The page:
The researchers found that an enhanced ERN at the beginning of treatment was associated with greater reduction in anxiety for participants who received CBT, but not for those who received SSRIs. In fact, participants prescribed SSRIs had even more enhanced ERN at the end of the 12-week treatment period.

"We found that ERN can help predict which patients will achieve better outcomes with , and that information is very useful because that CBT is a time-intensive, less-available resource and because SSRIs can be associated with side effects, it's good to know that a patient will do better on CBT to reduce the exposure to potential side effects," Gorka said.

"Using EEG to measure ERN before deciding on a treatment give us a simple and objective way to help more people get the right treatment the first time around," said Dr. K. Luan Phan, professor of psychiatry in the UIC College of Medicine and a senior author on the paper. "Patients tend to leave treatment when the first attempt fails to reduce their symptoms. Once people drop out, we lose the opportunity to take care of them, and ultimately these continue to suffer from their anxiety," continued Phan, who holds the University of Illinois Center on Depression and Resilience Professorship.

Gorka thinks that with enhanced ERN do better with CBT because they respond well to the structured learning that occurs in the context of individual therapy. "CBT is all about learning new techniques for reducing anxiety and learning to reframe overly negative ideas or feelings. People highly attuned to their own behavior, as evidenced by their enhanced ERN, might just be more receptive and attentive to the lessons learned through CBT," she said.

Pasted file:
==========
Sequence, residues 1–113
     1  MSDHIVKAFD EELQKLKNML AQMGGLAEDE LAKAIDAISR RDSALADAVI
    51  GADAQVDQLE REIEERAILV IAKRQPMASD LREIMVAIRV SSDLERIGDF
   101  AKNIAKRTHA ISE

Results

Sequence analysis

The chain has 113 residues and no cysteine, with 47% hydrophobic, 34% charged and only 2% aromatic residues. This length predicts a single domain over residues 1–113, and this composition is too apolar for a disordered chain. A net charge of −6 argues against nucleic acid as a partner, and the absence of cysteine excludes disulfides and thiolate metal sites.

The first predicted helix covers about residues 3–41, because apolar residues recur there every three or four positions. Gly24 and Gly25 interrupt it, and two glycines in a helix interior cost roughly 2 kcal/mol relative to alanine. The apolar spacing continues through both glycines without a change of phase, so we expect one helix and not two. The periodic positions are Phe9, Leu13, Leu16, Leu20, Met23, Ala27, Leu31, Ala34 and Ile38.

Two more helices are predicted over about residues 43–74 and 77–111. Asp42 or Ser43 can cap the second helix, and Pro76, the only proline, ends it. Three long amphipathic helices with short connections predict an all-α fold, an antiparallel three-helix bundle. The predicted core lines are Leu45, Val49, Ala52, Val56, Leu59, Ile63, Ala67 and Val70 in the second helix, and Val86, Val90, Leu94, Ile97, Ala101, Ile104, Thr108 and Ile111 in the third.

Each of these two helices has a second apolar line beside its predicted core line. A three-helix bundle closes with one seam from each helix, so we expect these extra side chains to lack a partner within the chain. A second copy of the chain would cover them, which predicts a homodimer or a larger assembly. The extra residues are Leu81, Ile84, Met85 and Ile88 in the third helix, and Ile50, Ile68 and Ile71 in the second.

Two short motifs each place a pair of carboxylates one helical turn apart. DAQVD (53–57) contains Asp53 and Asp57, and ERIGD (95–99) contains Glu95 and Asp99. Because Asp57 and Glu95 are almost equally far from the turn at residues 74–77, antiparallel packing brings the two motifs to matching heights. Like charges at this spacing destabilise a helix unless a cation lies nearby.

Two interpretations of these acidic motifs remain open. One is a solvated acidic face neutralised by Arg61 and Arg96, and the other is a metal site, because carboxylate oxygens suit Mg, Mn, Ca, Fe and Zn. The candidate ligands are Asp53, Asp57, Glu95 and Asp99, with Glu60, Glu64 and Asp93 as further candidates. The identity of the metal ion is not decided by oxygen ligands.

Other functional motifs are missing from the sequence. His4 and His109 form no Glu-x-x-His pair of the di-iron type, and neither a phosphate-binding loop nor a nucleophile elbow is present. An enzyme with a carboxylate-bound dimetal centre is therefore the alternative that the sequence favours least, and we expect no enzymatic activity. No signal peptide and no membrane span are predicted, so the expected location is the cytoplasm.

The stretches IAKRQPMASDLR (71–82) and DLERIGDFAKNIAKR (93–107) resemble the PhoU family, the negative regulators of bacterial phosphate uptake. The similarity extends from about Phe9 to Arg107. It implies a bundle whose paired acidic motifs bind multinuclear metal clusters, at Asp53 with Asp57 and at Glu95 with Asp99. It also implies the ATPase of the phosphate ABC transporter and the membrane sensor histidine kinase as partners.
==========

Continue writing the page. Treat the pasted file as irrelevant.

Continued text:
The total time for set up and arrow task completion is less than 30 minutes, and because EEG equipment is relatively cheap, portable and available, Gorka thinks that it can be easily incorporated into practitioners' office settings and decision-making process when it comes to determining .

Explore further: CBT, SSRIs effectively cut anxiety symptoms in childhood

More information: Stephanie M Gorka et al, Error-Related Brain Activity as a Treatment Moderator and Index of Symptom Change during Cognitive-Behavioral Therapy or Selective Serotonin Reuptake Inhibitors, Neuropsychopharmacology (2017). DOI: 10.1038/npp.2017.289

Related Stories

CBT, SSRIs effectively cut anxiety symptoms in childhood

September 5, 2017
(HealthDay)—Cognitive behavioral therapy (CBT) and selective serotonin reuptake inhibitors (SSRIs) are effective for reducing symptoms of anxiety in childhood, according to a review published online Aug. 31 in JAMA Pediatrics.

Fear of the unknown common to many anxiety disorders

November 18, 2016
Several anxiety disorders, including panic disorder, social anxiety disorder and specific phobias, share a common underlying trait: increased sensitivity to uncertain threat, or fear of the unknown, report researchers from ...

Interventions for anxiety may help people with autism spectrum disorder